Hi Everyone –
This is a message for all of you Moms and Dads out there who have just discovered that your son or daughter is an addict. I know – you are beyond scared; actually, terrified is a much more accurate word. I have been down the same road, for over five years now, that you are just beginning. I thought it might be comforting, and maybe helpful, to hear a little bit about my own experiences with addiction in the family. I also have just a few suggestions as you begin what will be, although you may not realize it yet, a life-long process, both for you and your beloved child. You can alleviate stress and get your family back from the grips of addiction.
The Mother of an Addicted Son
First, just a little bit about me. I have two of the best sons in the whole wide world. Really. My eldest, Sam, now age 25, is an addict who started using during his teen years, I suspect just like many of your children. He is an especially charming, exuberant, intelligent, loving kid. I love him beyond reason. You all know that feeling when they are first born, that feeling that you would do anything for them? That they are just so beautiful and special and perfect, and you are afraid from the minute they take that first breath that something might hurt them? Well, as you all know that feeling only grows with time, no matter how they behave, and no matter how big they get, and it certainly doesn’t stop when you find out your child is an addict. Anyway, we suspected something had gone very wrong with Sam for a long time, years in fact, before we knew – officially – that he was addicted to opiates. His behavior became increasingly erratic, and he began asking for money for all sorts of bizarre reasons. We took him from doctor, to therapist, to psychiatrist, not really knowing exactly what the problem was, although of course we already strongly suspected drugs were involved. Then, he stole, things he knew were terribly valuable, and which had sentimental value – from me and other family members, and I’m sure others, and ran away, only to return and finally admit he had a serious drug problem. And so our journey began.
We Took Addiction in the Family Seriously
We initially took him to a local hospital for detox, from which he tried to escape, and then finally arranged to send him to a drug rehab down in Florida. That is one of scariest things you can do as the parent of an addict – to send your child away, to people you don’t know, and maybe have never met, and to literally put your child’s life in their hands. Anyway, Sam went from that rehab, to a stint in homelessness, back to rehab, to sober living, to relapse, then on to an arrest, jail, more detox, a suicide threat, another drug rehab, and finally a year in sober living. Now the good news: he will be celebrating four years of being clean this April. I thank God every day, for helping him to maintain his sobriety. I am beyond proud of him – for his courage, and honesty, and strength and his continued efforts to maintain his sobriety and to help others with the same disease. And I am afraid, every day, that he might relapse again. And every time he calls me, even with good news, I still, just for a second, wonder: Is he okay? Does his voice sound different? Is he stressed? Is he maybe using again? Am I crazy to think these things?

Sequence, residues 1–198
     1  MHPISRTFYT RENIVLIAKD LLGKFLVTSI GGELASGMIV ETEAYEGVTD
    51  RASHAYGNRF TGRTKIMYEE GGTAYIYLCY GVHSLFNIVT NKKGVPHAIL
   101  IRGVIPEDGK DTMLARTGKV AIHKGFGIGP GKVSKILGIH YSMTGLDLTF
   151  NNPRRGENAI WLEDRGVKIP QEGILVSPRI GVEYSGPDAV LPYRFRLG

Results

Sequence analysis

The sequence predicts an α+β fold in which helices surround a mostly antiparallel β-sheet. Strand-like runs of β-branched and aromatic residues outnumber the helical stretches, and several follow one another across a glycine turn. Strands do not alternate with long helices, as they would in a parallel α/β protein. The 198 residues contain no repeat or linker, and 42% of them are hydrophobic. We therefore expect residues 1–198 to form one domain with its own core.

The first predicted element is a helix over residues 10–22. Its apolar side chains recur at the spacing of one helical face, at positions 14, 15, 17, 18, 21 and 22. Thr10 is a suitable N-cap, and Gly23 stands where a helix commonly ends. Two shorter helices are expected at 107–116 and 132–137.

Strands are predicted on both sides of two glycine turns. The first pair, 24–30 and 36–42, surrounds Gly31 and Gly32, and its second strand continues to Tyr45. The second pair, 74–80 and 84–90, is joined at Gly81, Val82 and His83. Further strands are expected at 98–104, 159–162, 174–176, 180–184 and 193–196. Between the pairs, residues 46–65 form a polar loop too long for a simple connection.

You May Have a Similar Story…
I know my story sounds familiar – you have probably gone through many of the same horrific experiences that we did, or maybe even worse. And now you have discovered your child is an addict, and you don’t know what to do next. I don’t have all the answers, by any means, but here are a few thoughts on how to deal with addiction in the family:
- You are not alone – I know – it feels that way, especially right now. So first thing – join a support group. There are so many great ones out there. I attended AL anon meetings, and met many brave, loving parents. At those meetings I found myself surrounded with, and comforted by, others who were going through similar experiences, and many them knew about some tremendous resources out there. There are also many such groups on the Internet – The Addict’s Mom, addictsmom.com, is one great example.
- This is really important – In our experience, your addicted child will do best if he or she gets completely away from his or her current environment, at least for now. Do your homework, and find a good, reputable rehab facility, preferably in a location away from home. Amethyst Recovery is a great place to start looking.
- This is the hardest, most gut-wrenching thing of all – You cannot heal your beloved child from this horrific disease. You have absolutely no control over whether they use, or not. And if you love them, you may have to allow them to fail, to relapse, to risk death, without intervening. And you will not be able to do this alone, so please, please, get help from some of the reputable, experienced professionals out there.
- Be good to yourself – You are a good person and a good parent. You did not cause this disease, and you will need just as much help as your child in order to make it through this journey. You will experience heartache, and terror, and hope and joy and anxiety, of course all the while continuing to love beyond reason your beautiful child.
My thoughts and prayers are with each one of you as you start down this road.